Health: Durham paramedics sound alarm over lack of available ambulances

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For the second time in two days, Durham Region paramedics say they were in a dire situation where no ambulances were available to answer calls.

“At approximately 12:45 this afternoon, Durham Region was in Code Zero,” the Durham Paramedics CUPE local 1764 tweeted Monday.

The paramedics first signalled dangerous circumstances the night before.

“At approximately 18:12 (Sunday) evening, Durham Region was in code zero,” CUPE tweeted Sunday. “This means that there were zero ambulances available to attend emergency calls.”

Tuesday there was no longer a Code Zero in place.

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“Our paramedics are handling the Code Zeros as best as they can be; it’s always tough to hear that the service has no ambulances available,” said union representative Niko Georgiadis Tuesday.

“These are difficult situations as paramedics know seconds count when it comes to life-threatening emergencies, so imagine that your family member has to wait for an ambulance when they’re having a heart attack or stroke. It’s a tough situation for all of us to be in.”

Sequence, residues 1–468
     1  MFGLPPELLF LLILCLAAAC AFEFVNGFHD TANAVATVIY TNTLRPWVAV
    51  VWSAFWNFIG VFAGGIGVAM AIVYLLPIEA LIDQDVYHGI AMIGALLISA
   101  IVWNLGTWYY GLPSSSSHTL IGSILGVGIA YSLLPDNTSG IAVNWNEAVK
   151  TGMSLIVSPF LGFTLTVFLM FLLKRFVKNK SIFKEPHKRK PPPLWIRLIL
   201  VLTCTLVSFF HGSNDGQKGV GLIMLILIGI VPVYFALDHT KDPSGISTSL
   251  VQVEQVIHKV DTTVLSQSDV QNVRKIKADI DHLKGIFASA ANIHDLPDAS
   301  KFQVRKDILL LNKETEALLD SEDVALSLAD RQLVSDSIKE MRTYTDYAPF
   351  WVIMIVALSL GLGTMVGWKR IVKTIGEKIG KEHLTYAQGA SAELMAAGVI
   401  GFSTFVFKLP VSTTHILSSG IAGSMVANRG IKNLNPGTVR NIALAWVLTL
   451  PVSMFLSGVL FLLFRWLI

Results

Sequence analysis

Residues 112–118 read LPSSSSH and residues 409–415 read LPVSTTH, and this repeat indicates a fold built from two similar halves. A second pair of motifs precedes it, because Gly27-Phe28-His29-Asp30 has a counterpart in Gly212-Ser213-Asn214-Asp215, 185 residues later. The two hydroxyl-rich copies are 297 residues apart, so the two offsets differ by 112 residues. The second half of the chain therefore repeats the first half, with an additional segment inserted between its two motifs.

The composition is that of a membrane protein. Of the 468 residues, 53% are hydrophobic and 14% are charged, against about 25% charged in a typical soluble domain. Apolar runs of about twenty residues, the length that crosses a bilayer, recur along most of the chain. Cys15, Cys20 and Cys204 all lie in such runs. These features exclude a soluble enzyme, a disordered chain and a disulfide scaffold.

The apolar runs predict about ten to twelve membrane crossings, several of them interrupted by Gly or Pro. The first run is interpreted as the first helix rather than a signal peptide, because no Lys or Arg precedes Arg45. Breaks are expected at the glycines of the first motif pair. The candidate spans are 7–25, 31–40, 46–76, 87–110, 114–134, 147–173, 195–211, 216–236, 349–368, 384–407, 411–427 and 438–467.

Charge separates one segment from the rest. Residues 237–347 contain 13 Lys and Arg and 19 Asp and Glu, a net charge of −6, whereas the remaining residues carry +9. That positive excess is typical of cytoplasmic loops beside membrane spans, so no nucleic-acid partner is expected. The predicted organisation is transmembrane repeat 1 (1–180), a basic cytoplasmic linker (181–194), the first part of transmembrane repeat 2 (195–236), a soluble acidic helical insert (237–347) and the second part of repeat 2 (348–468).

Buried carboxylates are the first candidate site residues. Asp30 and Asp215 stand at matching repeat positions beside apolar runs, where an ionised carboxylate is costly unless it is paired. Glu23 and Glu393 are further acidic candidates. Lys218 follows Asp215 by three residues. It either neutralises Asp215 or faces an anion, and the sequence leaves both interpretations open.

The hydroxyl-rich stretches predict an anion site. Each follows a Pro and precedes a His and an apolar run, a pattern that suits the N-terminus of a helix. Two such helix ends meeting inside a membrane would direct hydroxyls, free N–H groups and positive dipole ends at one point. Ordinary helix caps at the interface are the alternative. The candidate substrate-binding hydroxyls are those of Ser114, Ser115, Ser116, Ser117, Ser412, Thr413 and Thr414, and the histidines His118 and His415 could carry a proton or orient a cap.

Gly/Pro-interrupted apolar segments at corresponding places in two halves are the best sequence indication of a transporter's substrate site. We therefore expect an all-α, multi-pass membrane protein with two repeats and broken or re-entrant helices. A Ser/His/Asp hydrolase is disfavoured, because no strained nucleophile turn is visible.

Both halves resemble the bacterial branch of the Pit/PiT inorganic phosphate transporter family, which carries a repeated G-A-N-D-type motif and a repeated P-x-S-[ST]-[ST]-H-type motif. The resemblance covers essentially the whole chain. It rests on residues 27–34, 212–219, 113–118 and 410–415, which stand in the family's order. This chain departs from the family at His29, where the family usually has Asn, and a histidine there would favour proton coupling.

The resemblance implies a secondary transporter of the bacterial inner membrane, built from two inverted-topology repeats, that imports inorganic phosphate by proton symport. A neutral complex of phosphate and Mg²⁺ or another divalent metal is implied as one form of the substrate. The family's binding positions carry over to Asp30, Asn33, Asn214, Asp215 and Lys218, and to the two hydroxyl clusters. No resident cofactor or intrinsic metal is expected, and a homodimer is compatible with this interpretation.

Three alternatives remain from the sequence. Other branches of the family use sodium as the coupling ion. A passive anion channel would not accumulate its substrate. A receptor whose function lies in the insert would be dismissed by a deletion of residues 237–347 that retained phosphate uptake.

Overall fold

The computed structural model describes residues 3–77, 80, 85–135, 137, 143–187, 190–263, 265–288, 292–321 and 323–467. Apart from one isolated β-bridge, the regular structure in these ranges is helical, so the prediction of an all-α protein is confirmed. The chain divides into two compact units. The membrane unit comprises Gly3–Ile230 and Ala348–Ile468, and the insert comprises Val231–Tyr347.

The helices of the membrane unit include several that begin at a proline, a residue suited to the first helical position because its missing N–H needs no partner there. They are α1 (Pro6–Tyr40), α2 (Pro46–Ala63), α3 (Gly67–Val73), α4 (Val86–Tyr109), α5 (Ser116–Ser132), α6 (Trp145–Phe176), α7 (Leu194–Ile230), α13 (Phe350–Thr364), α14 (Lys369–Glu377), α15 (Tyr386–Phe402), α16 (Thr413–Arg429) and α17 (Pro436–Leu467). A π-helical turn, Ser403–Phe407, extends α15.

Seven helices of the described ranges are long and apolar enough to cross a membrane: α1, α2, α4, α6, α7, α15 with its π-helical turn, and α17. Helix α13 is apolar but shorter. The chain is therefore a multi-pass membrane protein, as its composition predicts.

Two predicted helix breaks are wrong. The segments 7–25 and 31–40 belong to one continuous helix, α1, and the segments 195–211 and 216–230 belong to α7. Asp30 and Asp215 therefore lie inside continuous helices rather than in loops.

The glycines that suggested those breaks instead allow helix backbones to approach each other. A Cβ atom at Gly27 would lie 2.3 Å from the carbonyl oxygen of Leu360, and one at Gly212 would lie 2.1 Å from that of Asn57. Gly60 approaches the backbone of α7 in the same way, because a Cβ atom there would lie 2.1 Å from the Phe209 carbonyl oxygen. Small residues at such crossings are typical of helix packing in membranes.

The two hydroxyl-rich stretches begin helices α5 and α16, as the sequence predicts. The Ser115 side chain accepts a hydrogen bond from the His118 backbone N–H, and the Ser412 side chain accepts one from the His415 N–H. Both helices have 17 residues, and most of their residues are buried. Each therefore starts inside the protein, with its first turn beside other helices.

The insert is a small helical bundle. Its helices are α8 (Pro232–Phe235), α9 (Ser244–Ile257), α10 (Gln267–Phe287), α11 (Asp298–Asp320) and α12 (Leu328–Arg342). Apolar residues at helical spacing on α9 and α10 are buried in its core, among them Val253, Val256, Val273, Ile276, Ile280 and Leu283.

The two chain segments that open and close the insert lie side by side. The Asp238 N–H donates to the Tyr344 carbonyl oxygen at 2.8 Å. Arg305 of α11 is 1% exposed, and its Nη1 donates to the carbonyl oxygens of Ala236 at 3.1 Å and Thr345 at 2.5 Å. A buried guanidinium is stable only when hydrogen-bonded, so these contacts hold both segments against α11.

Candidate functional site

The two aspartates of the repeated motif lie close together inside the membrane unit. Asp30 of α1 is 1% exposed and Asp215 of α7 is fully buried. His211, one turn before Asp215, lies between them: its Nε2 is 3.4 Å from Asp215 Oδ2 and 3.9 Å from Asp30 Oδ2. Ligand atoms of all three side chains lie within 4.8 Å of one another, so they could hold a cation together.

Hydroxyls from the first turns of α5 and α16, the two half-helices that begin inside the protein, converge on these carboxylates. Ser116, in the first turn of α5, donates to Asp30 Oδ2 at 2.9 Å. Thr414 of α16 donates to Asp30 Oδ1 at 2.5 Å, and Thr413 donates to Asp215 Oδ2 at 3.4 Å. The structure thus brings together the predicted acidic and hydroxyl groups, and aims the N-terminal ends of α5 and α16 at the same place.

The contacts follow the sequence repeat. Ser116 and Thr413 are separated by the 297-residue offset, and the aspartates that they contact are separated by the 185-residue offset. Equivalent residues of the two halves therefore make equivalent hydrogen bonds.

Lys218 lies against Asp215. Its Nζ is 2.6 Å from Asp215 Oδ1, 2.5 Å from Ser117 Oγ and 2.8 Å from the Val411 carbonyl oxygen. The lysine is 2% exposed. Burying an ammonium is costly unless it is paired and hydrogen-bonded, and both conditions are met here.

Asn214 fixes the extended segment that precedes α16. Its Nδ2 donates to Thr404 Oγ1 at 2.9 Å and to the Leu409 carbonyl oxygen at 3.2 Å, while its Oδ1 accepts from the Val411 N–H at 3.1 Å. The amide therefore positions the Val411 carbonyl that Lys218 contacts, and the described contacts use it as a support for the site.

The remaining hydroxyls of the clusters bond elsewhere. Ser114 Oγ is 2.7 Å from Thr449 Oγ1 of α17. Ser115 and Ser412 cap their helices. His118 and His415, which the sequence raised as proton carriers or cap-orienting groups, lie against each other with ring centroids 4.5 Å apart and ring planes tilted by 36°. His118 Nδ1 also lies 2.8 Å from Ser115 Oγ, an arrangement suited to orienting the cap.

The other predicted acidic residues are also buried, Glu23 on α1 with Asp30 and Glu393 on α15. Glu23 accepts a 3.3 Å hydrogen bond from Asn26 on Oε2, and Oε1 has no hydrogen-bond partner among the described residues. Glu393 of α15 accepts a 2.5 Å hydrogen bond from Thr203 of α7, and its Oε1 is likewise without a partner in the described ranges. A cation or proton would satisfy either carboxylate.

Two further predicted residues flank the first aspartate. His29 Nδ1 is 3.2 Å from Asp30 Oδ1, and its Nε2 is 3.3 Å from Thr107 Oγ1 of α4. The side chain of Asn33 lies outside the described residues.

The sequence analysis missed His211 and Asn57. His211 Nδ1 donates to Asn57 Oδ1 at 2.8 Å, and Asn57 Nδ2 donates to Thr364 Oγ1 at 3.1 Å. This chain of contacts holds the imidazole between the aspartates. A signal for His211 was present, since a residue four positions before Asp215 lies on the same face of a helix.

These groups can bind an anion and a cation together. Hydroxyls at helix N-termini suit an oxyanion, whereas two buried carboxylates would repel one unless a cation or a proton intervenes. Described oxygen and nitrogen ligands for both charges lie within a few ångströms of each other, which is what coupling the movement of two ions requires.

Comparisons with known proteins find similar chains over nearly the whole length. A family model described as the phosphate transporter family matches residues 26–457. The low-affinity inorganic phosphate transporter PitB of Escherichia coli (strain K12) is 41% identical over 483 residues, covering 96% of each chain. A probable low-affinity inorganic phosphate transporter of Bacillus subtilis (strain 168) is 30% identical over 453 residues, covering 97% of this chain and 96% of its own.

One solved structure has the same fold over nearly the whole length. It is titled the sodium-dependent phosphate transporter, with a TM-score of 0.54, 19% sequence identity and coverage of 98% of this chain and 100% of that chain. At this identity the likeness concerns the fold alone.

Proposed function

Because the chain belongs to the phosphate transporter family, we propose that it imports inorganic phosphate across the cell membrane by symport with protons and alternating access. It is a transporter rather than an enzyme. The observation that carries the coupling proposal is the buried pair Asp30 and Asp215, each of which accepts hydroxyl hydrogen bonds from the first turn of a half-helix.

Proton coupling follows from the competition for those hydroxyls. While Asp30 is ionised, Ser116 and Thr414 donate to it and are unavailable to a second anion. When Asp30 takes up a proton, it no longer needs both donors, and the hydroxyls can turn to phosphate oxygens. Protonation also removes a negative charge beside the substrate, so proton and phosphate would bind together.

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Durham Region, he added, has 32 ambulances on patrol most days.

But he said resources are stretched.

“It’s a combination of factors such as offload delays at the hospital as well as, more importantly, not having enough paramedics on the road to service emergency calls,” said Georgiadis.

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The Durham Region Paramedics Services blamed the problem on “a combination of factors, including hospital off-load delays, surges in 911 call volumes, and staffing pressures. This is not a new problem and not unique to Durham Region.”

The current situation with under-staffed hospitals is also a major factor.

“The pressures that hospitals are experiencing with issues such as staffing, have further exacerbated the offload delay challenges that paramedic services are facing across the province. Offload delays are happening more frequently and for greater time periods,” the paramedic service said.

“This does have a direct impact on the availability of ambulances and paramedic resources.”

CUPE said “Code Zero” is one level worse than what is called “code critical” – when just one ambulance is available.

There is also “code capacity” — when just six ambulances or less available.

“Any time there is a reduced number of ambulances or paramedic resources available to respond to 911 calls, there is a public safety risk,” Durham Region said of Code Zero.

“It does not happen frequently, but any time it does happen, it is deeply concerning.”

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